While the bankruptcy filing has been described as “a tactic to freeze the two-dozen liability suits,” which have already been filed against Freedom Industries, it does not halt lawsuits against other third parties targeted in the spill. Some of the lawsuits also name West Virginia American Water Company and Eastman Chemical, the producer of the MCHM spilled. Furthermore, the bankruptcy proceedings do not strip the Freedom Industries of its responsibility to rectify the environmental damage caused by the spill.

While the full extent of damages remains unknown, Government entities, including the U.S. Attorney’s Office, are continuing to investigate the spill as well as mitigate the long-term effects.

The title picture is of the Elk River.


Sources:

About 300,000 can’t use water after chemical spill near Charleston, W.V., NY Daily News (Jan. 10, 2014), http://www.nydailynews.com/news/national/chemical-spill-taints-water-300-000-w-v-article-1.1575847.

Chemical Spill in West Virginia Declared Disaster, Fox News Network (Jan. 10, 2014), http://news.discovery.com/earth/chemical-spill-in-west-virginia-declared-disaster-140110.htm.

Company files for bankruptcy after West Virginia chemical spill, Fox News (Jan. 17, 2014), http://www.foxnews.com/us/2014/01/17/company-files-for-bankruptcy-after-wva-chemical-spill/.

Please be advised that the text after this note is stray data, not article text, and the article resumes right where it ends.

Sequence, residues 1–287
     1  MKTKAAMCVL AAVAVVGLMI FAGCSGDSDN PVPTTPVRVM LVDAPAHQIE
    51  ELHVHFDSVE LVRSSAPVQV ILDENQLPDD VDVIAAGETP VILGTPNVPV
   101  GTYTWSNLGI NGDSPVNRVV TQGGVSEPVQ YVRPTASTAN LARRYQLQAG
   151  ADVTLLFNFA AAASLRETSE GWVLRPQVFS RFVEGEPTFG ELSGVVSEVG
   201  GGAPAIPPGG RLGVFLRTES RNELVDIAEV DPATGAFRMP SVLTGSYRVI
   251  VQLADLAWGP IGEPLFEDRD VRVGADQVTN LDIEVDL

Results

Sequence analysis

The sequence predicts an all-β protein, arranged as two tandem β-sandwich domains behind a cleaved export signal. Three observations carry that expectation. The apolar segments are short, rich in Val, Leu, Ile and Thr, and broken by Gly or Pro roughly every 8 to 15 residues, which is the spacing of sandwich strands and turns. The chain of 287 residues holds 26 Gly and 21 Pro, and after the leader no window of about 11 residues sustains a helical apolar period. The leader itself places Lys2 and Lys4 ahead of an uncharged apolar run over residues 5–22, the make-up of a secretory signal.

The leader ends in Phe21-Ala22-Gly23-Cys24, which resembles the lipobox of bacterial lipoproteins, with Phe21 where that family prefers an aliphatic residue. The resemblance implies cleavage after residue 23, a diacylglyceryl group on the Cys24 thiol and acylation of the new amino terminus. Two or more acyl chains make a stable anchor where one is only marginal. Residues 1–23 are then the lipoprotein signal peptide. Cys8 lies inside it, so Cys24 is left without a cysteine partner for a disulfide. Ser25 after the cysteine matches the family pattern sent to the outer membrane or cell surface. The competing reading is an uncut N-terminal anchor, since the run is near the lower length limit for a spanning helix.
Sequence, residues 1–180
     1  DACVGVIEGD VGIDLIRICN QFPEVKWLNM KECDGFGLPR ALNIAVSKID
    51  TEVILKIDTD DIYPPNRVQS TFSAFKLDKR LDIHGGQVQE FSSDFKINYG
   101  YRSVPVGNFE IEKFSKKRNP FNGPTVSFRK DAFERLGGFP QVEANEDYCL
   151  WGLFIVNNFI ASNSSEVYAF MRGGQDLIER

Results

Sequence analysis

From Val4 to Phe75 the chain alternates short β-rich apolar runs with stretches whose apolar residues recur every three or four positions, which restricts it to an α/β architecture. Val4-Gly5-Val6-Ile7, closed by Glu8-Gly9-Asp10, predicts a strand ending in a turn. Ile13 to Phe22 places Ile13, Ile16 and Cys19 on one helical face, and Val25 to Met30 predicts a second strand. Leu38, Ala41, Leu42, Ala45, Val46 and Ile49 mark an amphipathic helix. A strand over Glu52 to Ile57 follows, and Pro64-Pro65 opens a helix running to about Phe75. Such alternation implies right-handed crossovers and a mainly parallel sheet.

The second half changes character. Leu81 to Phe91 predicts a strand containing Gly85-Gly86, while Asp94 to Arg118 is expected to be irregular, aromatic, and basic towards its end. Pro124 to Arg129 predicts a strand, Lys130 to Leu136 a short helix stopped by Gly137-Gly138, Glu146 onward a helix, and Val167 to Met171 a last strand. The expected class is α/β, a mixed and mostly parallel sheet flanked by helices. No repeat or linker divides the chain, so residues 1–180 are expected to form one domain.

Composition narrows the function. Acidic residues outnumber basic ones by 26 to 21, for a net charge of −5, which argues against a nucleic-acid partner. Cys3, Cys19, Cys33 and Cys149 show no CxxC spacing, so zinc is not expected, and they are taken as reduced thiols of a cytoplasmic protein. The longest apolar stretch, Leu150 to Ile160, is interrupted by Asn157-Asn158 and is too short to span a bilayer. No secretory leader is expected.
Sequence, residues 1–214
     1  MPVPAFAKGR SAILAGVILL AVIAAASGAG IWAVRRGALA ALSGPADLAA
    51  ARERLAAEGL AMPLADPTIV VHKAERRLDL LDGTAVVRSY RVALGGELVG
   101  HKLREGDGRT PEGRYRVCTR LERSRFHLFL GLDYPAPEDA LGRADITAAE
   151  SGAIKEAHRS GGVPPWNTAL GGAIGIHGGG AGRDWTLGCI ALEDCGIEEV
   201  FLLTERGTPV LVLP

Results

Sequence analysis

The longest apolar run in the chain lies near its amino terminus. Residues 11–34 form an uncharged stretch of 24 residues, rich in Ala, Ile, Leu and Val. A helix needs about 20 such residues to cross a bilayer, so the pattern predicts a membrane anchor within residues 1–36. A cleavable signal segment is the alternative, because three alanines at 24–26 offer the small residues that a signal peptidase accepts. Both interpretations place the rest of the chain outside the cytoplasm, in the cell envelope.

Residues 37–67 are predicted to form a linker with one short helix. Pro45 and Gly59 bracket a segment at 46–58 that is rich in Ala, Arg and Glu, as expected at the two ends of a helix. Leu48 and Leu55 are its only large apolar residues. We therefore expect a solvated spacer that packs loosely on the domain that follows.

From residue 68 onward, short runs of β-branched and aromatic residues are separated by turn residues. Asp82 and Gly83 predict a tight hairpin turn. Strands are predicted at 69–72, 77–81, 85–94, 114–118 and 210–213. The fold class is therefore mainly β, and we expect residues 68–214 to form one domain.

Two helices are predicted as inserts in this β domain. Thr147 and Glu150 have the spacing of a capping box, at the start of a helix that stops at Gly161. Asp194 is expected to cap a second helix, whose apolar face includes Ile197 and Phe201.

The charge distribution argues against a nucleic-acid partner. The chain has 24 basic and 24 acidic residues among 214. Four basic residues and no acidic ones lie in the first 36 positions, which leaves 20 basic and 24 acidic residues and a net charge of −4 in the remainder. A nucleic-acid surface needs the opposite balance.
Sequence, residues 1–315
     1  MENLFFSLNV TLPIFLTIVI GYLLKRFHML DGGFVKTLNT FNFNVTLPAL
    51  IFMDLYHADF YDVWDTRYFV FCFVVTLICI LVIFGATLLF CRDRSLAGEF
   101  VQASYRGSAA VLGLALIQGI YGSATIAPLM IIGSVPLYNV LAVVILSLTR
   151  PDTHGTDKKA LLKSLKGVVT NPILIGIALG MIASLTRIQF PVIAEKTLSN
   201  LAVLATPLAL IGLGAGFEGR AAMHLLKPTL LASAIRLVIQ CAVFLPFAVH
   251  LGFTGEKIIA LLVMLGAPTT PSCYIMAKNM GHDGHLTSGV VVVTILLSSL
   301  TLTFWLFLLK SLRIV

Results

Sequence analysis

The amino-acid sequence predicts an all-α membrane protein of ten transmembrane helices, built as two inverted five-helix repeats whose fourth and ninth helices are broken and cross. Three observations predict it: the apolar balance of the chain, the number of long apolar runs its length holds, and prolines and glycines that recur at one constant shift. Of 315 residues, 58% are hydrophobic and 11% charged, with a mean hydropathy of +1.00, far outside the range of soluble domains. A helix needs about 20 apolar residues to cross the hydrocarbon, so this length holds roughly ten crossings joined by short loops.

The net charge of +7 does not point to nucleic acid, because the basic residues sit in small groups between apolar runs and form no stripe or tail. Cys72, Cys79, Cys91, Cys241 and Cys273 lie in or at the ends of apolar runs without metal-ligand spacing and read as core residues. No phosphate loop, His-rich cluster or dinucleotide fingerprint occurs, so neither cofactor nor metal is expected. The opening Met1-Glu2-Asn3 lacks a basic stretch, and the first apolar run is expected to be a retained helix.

David Zucchino, West Virginia puzzled, outraged over chemical leak, Los Angeles Times (Jan. 16, 2014), http://www.latimes.com/nation/la-na-chemical-danger-20140117,0,7792964.story?page=1#axzz2qsGvvf86.

John Schwartz, A Second Chemical Was Part of West Virginia Chemical Spill, Company Reveals (Jan. 21, 2014), http://www.washingtonpost.com/blogs/wonkblog/wp/2014/01/21/five-big-questions-about-the-massive-chemical-spill-in-west-virginia/.

Kiley Kroh, West Virginia Declares State of Emergency After Coal Chemical Contaminates Drinking Water, Think Progress (Jan. 10, 2014), http://thinkprogress.org/climate/2014/01/10/3145221/west-virginia-emergency-coal-chemical-spill/.

Nick Visser. Freedom Industries, Company Behind West Virginia Chemical Spill, Files for Bankruptcy, The Huffington Post (Jan. 17, 2014), http://www.huffingtonpost.com/2014/01/17/freedom-industries-bankruptcy-west-virginia-chemical-spill_n_4619385.html?ir=Green.

Paul Barrett, A Second Chemical Spilled in West Virginia, and the Company Said Nothing Until Now (Jan. 23, 2014), http://www.businessweek.com/articles/2014-01-23/a-second-toxic-chemical-spilled-in-west-virginia-and-freedom-industries-said-nothing-until-now.


Introduction

During the first decade and a half of the twenty-first century, contaminated recreation water entered the public concern’s limelight. Last year lake closures due to E. coli contamination sky-rocketed in North America, most notably in the Midwest, affecting major recreational hubs in the Great Lakes region and stretching as far south as the Missouri and Arkansas Ozarks. For areas that generally stay open all year and rarely see the need for concern of bacterial infection, these lakes and streams closed to the public in hopes of reducing E. coli exposure.

Background